The origins of the sinus node pacemaker complex in man: Demonstration of dominant and subsidiary foci

J. Anthony Gomes, Stephen L. Winters

Research output: Contribution to journalArticle

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Abstract

To test the hypothesis that the human sinus node is capable of demonstrating multiple sites of impulse generation, we assessed spontaneous shifts in the sinus node pacemaker complex, and shifts after overdrive atrial pacing, premature atrial stimulation and carotid sinus massage. A total of 24 patients aged 59 ± 15 years (mean ± SD) in whom stable sinus node electrograms were obtained were selected for the study. Ten of the 24 patients had sick sinus syndrome, whereas 14 had no sinus node dysfunction. All 24 patients had atrial pacing at cycle lengths of 1,000 to 300 ms; 9 patients had premature atrial stimulation and 12 had carotid sinus massage. Shifts in the sinus node pacemaker complex occurred spontaneously in 4 (17%) of the 24 patients; after atrial pacing at cycle lengths of 800 to 300 ms (mean 387 ± 92) in 15 (63%) of 24 patients; after premature atrial stimulation at one or more coupling intervals in 5 (56%) of 9 patients and during carotid sinus massage in 9 (75%) of 12 patients. Shifts in the sinus node pacemaker complex lasted one to six beats and returned to the original site within two to seven beats. Spontaneous shifts in the sinus node pacemaker complex occurred in 3 of 14 patients without sick sinus syndrome and were induced in 6 (60%) of 10 patients with sick sinus syndrome and 11 (79%) of 14 patients without sick sinus syndrome. Shifts in sinus node pacemaker complex were characterized by 1) loss of primary negativity, 2) change in P wave morphology, 3) significant (p < 0.001) prolongation of sinoatrial interval and sinus cycle length. Conclusion: 1) Shifts in sinus node pacemaker complex occur frequently after rapid atrial pacing, premature atrial stimulation and carotid sinus massage and rarely occur spontaneously; 2) the subsidiary sinus node pacemaker complex is an escape pacemaker with a longer cycle length than the dominant sinus node pacemaker; 3) atrial pacing at rapid cycle lengths for assessing sinus node recovery times frequently assesses properties of the subsidiary sinus node pacemaker rather than that of the dominant pacemaker; and 4) this study suggests that the human sinus node has dominant and subsidiary foci.

Original languageEnglish (US)
Pages (from-to)45-52
Number of pages8
JournalJournal of the American College of Cardiology
Volume9
Issue number1
DOIs
StatePublished - Jan 1 1987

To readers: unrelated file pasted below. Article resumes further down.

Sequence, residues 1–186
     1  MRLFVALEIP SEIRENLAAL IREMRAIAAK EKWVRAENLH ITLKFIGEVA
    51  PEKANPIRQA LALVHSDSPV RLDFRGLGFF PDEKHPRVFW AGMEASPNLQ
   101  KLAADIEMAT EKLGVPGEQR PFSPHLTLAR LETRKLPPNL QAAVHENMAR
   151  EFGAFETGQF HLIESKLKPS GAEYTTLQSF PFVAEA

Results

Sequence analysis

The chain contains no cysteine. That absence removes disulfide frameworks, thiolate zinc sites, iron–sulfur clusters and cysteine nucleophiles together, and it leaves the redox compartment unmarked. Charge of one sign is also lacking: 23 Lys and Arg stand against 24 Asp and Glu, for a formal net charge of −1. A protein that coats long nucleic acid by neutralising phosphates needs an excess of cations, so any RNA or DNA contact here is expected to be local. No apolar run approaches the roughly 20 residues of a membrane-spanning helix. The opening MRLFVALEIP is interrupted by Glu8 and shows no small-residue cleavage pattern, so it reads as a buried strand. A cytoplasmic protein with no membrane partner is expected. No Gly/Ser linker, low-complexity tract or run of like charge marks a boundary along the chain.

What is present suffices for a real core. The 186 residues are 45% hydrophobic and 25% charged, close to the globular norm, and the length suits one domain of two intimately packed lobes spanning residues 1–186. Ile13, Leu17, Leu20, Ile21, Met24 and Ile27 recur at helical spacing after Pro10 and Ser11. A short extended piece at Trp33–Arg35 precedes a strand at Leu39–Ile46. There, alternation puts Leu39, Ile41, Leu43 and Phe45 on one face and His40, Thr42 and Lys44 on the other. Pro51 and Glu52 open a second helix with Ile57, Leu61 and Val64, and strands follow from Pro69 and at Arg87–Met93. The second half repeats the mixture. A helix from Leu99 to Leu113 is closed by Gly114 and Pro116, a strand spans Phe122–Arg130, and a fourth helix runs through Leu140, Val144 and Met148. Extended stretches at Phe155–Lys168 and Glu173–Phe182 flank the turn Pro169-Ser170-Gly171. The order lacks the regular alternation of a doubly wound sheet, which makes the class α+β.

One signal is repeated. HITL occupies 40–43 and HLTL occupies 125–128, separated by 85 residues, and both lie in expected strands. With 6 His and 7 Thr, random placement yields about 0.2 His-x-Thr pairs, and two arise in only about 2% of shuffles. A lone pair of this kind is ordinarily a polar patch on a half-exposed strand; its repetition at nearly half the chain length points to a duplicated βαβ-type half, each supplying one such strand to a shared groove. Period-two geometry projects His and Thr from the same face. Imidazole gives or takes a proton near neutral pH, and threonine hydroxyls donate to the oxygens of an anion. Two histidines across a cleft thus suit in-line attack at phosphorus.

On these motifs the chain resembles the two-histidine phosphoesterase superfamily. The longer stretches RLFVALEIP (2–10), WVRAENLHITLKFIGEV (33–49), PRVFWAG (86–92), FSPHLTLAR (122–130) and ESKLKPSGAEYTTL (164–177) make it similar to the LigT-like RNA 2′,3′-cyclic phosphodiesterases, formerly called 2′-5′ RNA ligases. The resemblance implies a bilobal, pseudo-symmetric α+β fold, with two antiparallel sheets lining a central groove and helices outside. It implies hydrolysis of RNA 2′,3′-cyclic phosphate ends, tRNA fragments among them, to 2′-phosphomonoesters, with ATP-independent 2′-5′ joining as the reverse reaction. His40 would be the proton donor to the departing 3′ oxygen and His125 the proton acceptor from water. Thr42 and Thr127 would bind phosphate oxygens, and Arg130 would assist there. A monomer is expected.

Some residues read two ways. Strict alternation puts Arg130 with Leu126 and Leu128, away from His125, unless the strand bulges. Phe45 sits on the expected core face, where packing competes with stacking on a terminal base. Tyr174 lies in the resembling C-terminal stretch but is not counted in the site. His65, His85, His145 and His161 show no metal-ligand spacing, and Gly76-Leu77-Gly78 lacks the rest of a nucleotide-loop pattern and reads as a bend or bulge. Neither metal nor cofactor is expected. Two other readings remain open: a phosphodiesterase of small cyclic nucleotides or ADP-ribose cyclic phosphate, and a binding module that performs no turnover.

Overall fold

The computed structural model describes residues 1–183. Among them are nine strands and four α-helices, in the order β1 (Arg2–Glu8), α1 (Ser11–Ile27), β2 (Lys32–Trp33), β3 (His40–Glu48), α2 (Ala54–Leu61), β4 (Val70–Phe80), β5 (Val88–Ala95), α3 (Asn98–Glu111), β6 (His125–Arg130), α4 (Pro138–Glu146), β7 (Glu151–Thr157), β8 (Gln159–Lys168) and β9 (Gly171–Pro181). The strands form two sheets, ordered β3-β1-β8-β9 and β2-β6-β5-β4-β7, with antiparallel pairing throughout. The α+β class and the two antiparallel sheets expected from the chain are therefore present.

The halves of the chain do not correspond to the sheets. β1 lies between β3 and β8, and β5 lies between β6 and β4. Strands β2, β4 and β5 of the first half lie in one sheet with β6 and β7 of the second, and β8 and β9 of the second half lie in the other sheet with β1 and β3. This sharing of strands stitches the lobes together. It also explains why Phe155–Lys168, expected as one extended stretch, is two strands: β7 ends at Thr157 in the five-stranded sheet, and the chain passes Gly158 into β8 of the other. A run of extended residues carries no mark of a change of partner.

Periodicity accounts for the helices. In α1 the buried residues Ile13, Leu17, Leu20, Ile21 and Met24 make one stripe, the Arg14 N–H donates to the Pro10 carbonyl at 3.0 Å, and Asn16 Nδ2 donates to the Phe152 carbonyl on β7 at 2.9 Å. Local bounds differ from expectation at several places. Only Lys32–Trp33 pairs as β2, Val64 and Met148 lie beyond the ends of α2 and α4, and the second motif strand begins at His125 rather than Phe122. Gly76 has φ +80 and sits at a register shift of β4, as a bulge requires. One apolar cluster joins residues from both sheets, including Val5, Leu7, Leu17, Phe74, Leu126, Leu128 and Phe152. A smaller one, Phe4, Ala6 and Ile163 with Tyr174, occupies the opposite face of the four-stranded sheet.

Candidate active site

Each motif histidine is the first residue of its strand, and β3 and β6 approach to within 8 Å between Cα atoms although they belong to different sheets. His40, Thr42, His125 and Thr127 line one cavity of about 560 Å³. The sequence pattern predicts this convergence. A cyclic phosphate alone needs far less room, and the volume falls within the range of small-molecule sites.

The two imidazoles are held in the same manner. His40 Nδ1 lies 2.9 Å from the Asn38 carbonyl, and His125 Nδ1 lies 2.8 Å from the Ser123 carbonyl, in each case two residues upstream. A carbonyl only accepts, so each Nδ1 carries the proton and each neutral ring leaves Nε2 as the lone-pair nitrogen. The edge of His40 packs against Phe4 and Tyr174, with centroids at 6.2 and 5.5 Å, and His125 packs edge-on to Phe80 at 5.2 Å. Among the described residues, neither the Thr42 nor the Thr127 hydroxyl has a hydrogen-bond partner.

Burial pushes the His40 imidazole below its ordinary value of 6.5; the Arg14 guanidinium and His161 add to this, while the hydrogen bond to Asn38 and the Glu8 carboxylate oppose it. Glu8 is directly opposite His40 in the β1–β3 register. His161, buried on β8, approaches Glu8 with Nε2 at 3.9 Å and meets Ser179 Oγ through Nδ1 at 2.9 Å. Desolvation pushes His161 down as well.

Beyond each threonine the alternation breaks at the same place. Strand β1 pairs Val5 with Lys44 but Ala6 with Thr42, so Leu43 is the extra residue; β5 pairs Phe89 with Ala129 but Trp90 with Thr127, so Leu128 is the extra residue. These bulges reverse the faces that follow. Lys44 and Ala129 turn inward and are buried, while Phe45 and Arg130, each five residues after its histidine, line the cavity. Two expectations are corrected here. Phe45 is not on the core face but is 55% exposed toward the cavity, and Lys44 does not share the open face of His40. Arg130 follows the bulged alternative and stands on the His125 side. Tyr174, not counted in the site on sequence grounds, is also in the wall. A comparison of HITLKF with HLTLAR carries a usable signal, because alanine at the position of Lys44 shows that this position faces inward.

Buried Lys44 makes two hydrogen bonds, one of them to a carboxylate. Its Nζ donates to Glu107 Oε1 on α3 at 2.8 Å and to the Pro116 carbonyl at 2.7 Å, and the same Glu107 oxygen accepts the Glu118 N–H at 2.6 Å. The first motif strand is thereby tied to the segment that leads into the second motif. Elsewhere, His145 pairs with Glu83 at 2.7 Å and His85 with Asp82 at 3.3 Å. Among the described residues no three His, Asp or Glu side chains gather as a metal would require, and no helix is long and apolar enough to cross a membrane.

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Sinoatrial Node
Sick Sinus Syndrome
Carotid Sinus
Massage

All Science Journal Classification (ASJC) codes

  • Cardiology and Cardiovascular Medicine

Cite this

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title = "The origins of the sinus node pacemaker complex in man: Demonstration of dominant and subsidiary foci",
abstract = "To test the hypothesis that the human sinus node is capable of demonstrating multiple sites of impulse generation, we assessed spontaneous shifts in the sinus node pacemaker complex, and shifts after overdrive atrial pacing, premature atrial stimulation and carotid sinus massage. A total of 24 patients aged 59 ± 15 years (mean ± SD) in whom stable sinus node electrograms were obtained were selected for the study. Ten of the 24 patients had sick sinus syndrome, whereas 14 had no sinus node dysfunction. All 24 patients had atrial pacing at cycle lengths of 1,000 to 300 ms; 9 patients had premature atrial stimulation and 12 had carotid sinus massage. Shifts in the sinus node pacemaker complex occurred spontaneously in 4 (17{\%}) of the 24 patients; after atrial pacing at cycle lengths of 800 to 300 ms (mean 387 ± 92) in 15 (63{\%}) of 24 patients; after premature atrial stimulation at one or more coupling intervals in 5 (56{\%}) of 9 patients and during carotid sinus massage in 9 (75{\%}) of 12 patients. Shifts in the sinus node pacemaker complex lasted one to six beats and returned to the original site within two to seven beats. Spontaneous shifts in the sinus node pacemaker complex occurred in 3 of 14 patients without sick sinus syndrome and were induced in 6 (60{\%}) of 10 patients with sick sinus syndrome and 11 (79{\%}) of 14 patients without sick sinus syndrome. Shifts in sinus node pacemaker complex were characterized by 1) loss of primary negativity, 2) change in P wave morphology, 3) significant (p < 0.001) prolongation of sinoatrial interval and sinus cycle length. Conclusion: 1) Shifts in sinus node pacemaker complex occur frequently after rapid atrial pacing, premature atrial stimulation and carotid sinus massage and rarely occur spontaneously; 2) the subsidiary sinus node pacemaker complex is an escape pacemaker with a longer cycle length than the dominant sinus node pacemaker; 3) atrial pacing at rapid cycle lengths for assessing sinus node recovery times frequently assesses properties of the subsidiary sinus node pacemaker rather than that of the dominant pacemaker; and 4) this study suggests that the human sinus node has dominant and subsidiary foci.",
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The origins of the sinus node pacemaker complex in man : Demonstration of dominant and subsidiary foci. / Anthony Gomes, J.; Winters, Stephen L.

In: Journal of the American College of Cardiology, Vol. 9, No. 1, 01.01.1987, p. 45-52.

Research output: Contribution to journalArticle

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